Open main menu

Wikipedia β

The vertebral arteries are major arteries of the neck. They arise as branches from the subclavian arteries or can arise from aortic arch and merge to form the single midline basilar artery. As the vertebrobasilar system, they supply blood to the upper spinal cord, brainstem, cerebellum, and posterior part of brain.

Vertebral artery
Blausen 0114 BrainstemAnatomy.png
The vertebral arteries arise from the subclavian arteries, unite as the basilar artery, and supplies blood to parts of the brain
Sobo 1909 550.png
The branches of the subclavian artery and the course of the vertebral artery in the neck (schematic).
Source subclavian arteries
Branches Meningeal branches
Posterior spinal
Anterior spinal
Basilar artery
Vein vertebral vein
Supplies Upper spinal cord, brainstem, cerebellum, posterior part of brain
Latin arteria vertebralis
MeSH A07.231.114.839
TA A12.2.08.002
FMA 3956
Anatomical terminology



Arteries of the neck. The vertebral arteries arise from the subclavian arteries and join to form the basilar artery

The vertebral arteries arise from the subclavian arteries, one on each side of the body, then enter deep to the transverse process at the level of the 6th cervical vertebrae (C6),[1] or occasionally (in 7.5% of cases) at the level of C7. They then proceed superiorly, in the transverse foramen of each cervical vertebra.[1] Once they have passed through the transverse foramen of C1 (also known as the atlas), the vertebral arteries travel across the posterior arch of C1 and through the suboccipital triangle[citation needed] before entering the foramen magnum.[1]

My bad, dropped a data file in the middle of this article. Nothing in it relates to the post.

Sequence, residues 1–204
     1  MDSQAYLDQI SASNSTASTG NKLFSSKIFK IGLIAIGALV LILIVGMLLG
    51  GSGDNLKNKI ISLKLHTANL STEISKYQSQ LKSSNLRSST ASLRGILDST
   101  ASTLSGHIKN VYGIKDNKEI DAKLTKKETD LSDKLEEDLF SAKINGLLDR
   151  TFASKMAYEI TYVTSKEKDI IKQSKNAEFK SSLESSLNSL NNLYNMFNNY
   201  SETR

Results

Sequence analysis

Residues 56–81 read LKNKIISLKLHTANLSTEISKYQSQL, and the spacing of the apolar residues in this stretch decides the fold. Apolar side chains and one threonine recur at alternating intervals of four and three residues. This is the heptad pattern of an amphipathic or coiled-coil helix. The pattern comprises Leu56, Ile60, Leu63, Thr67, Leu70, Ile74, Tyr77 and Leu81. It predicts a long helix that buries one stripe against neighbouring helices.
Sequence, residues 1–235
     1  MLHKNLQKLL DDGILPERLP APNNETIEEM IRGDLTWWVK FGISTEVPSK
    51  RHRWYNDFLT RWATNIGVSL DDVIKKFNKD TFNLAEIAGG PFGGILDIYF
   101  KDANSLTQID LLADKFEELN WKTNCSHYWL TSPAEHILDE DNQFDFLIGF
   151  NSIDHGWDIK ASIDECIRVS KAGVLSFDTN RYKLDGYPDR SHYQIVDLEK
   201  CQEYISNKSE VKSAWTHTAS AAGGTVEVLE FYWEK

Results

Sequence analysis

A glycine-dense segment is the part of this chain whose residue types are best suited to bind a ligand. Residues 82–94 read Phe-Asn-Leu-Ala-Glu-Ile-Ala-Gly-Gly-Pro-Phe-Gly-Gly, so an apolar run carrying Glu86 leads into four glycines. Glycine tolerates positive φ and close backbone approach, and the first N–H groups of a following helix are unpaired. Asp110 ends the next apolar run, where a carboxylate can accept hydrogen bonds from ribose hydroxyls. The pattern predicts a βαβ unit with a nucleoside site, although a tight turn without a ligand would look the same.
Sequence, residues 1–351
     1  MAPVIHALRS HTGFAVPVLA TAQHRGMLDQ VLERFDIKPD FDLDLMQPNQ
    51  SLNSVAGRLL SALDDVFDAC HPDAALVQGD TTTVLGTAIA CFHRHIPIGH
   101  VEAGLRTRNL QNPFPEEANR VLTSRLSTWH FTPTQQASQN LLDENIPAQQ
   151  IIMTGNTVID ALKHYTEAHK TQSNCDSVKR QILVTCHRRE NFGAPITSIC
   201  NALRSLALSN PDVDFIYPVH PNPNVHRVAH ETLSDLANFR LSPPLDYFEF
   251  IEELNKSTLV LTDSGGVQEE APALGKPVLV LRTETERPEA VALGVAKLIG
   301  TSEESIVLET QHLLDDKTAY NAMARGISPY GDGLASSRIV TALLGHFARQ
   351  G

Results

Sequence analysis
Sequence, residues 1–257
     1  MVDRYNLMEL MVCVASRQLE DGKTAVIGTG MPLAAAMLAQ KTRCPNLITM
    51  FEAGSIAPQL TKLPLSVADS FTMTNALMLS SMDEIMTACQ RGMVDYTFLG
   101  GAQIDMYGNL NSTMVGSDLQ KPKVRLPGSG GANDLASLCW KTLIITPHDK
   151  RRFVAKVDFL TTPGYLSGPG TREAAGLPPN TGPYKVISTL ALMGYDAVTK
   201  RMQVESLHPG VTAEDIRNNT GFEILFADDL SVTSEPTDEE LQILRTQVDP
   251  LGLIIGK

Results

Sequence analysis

Nunziante Ippolito, a Neapolitan physician, identified the "angle of Nunziante Ippolito" to find the vertebral artery, between the anterior scalene muscle and the longus colli muscle.[2]

Inside the skull, the two vertebral arteries join to form the basilar artery at the base of the Pons. The basilar artery is the main blood supply to the brainstem and connects to the Circle of Willis to potentially supply the rest of the brain if there is compromise to one of the carotids. At each cervical level, the vertebral artery sends branches to the surrounding musculature via the anterior spinal arteries.


The vertebral artery may be divided into four parts:


The left vertebral artery is usually larger and carries more blood.[3] In 3-15% of the population, a bony bridge called the arcuate foramen covers the groove for the vertebral artery on vertebra C1.


The three major arteries of the cerebellum: the SCA, AICA, and PICA. (Vertebrals labeled at bottom.)

Upper spinal cord, brainstem, cerebellum, posterior part of brain.[1]


  1. ^ a b c d editor-in-chief, Susan Standring ; section editors, Neil R. Borley; et al. (2008). Gray's anatomy : the anatomical basis of clinical practice (40th ed.). London: Churchill Livingstone. ISBN 978-0-8089-2371-8. 
  2. ^[full citation needed]
  3. ^ Albayrak, Ramazan; Degirmenci, B; Acar, M; Haktanir, A; Colbay, M; Yaman, M (2007). "Doppler sonography evaluation of flow velocity and volume of the extracranial internal carotid and vertebral arteries in healthy adults". J Clin Ultrasound. 35 (1): 27–33. PMID 17149761. doi:10.1002/jcu.20301. 

Additional imagesEdit

External linksEdit